According to the Census Bureau, the U.S. homeownership rate has consistently hovered around 66% for some time, but this does not mean purchasing a home—rather than renting—is the right choice for everyone. The decision to rent or buy is one that can cause heated debates, and while the American Dream was to own a house with a white picket fence, that may not be the American Dream for people today. With that being said, both options carry significant pros and cons worth considering.


Assuming you have the financial wherewithal (meaning sufficient funds for a down payment, closing costs and insurance, for starters), buying a home can bring several advantages, including:

  • Equity Building: A home purchase is an investment that pays off through the accumulation of equity as you whittle down the mortgage and, hopefully, the property value increases. You can tap equity throughout the life of the mortgage by refinancing or obtaining home equity loans or lines of credit.
  • Stability: As long as you keep up with your mortgage and property taxes, you generally do not have to worry about eviction.
  • Full Control over Home Improvements and Upgrades: You can make your home your own. If you want to renovate or choose less traditional paint colors and such, you have that freedom.
  • Tax Benefits: Homeowners can claim federal income tax deductions that renters cannot. If you itemize, you are allowed to deduct both your mortgage interest and property taxes.

On the other side of the coin, potential drawbacks include:

  • Deduction Limits: Your deduction for state and local taxes like property taxes is limited to $10,000 per year. You generally are permitted to deduct mortgage interest on only the first $750,000 of your debt.
  • Unexpected Costs: Homeowners incur a wide range of expenses. You can budget for many (for example, landscaping, insurance and HOA dues), but it is also on you when appliances break down, the roof springs a leak or the HOA imposes a special assessment.
  • Price Fluctuations: If the market is strong in your area, home prices might not be within your reach. Or you could overextend yourself to land that dream home. Similarly, rising interest rates could make a mortgage unaffordable.
  • Selling Your Home: If your circumstances change, you may find it hard to sell your home at the price you desire.

Related Read: Five Immediate Factors to Consider Before Buying That Real Estate “Bargain”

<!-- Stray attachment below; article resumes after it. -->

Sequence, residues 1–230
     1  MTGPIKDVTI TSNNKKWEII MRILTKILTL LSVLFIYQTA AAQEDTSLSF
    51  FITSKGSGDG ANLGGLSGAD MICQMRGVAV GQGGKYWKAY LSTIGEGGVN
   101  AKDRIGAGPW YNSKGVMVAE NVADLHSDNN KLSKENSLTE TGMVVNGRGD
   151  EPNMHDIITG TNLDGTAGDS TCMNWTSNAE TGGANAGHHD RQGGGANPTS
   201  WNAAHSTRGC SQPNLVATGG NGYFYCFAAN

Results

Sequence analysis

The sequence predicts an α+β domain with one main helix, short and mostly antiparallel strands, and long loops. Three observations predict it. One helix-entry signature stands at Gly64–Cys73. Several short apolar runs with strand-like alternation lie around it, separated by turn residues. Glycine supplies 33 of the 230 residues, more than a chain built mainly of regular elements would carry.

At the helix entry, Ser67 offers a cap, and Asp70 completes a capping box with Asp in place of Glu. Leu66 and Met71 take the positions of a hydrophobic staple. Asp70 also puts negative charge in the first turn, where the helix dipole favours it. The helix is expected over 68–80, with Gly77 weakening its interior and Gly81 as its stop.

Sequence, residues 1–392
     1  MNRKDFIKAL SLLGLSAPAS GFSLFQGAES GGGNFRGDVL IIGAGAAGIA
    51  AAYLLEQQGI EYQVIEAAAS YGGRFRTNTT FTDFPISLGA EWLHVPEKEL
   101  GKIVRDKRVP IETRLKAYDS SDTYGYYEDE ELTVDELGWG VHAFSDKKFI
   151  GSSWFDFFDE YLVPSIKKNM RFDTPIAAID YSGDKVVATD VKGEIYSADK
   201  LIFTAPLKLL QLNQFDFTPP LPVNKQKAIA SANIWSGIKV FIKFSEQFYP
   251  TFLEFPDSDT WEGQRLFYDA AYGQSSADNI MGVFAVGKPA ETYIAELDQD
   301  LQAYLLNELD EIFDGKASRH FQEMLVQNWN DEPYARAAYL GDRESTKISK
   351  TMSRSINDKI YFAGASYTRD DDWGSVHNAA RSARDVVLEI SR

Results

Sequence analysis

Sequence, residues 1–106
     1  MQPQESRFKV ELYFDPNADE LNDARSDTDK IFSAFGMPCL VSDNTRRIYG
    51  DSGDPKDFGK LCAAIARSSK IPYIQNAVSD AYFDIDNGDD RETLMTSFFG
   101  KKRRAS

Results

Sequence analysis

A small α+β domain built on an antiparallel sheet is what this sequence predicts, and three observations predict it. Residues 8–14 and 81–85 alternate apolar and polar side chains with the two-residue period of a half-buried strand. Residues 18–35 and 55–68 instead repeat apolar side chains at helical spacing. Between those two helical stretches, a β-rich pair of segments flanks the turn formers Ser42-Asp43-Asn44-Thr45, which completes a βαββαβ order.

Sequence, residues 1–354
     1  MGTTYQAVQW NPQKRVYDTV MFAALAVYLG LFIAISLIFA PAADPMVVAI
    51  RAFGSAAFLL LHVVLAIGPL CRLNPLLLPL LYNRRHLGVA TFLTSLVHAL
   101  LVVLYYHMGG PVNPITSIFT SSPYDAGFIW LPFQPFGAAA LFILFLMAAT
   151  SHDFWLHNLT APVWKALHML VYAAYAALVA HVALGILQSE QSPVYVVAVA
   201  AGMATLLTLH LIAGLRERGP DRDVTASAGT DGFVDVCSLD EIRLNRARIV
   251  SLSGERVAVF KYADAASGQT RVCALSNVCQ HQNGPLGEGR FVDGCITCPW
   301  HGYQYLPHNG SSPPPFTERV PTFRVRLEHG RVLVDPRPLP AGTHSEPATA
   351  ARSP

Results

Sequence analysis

Renting is often dismissed as throwing away money, but that is an inaccurate characterization — you receive the benefit of housing for your money. Other potential benefits include:

  • Flexibility: Renting means you are much less tied down. You can move homes or geographic areas more easily.
  • Lower Barriers to Entry: First and last month’s rent, plus a healthy security deposit, can seem daunting, but it is substantially less than the 20% down payment sometimes necessary to avoid the private mortgage insurance requirement. The credit rating requirements are less strict to rent than buy, too.
  • Predictable Costs: You know how much your housing expenses will be every month. You will not have to cover unexpected repairs or maintenance, or shoulder property tax increases or higher payments on adjustable-rate mortgages.
  • Free Time: Renters do not have to spend time mowing the lawn or researching plumbers. They do not have an endless list of home-related projects hanging over them.

But renting is not without its disadvantages, such as:

  • Sunk Costs: While you do get housing for your rent payment, you also miss out on equity. You do not earn any financial “return” on your investment.
  • Less Stability: With greater flexibility comes less stability. Your landlord can decide not to renew your lease, sell the property or convert it to condos, sometimes with relatively little notice.
  • Potential Rent Hikes: Landlords also can raise your rent every lease period (subject to any rent control restrictions), and they generally do not take into account your income and other expenses, so an increase could prove beyond your means.
  • Limited Improvements: Any improvements you make to a rental likely will require approval and definitely will remain with the landlord when you move.


Some questions you may want to ask yourself include:

  1. What can I realistically afford while taking into account my income and other expenses?
  2. How long do I plan to live here?
  3. What kind of loan do I qualify for?
  4. What are the property taxes like?
  5. Do I want the responsibilities that come with owning a home?

The considerations above are not the only relevant factors. Location, lifestyle preferences and personal goals also can affect your decision.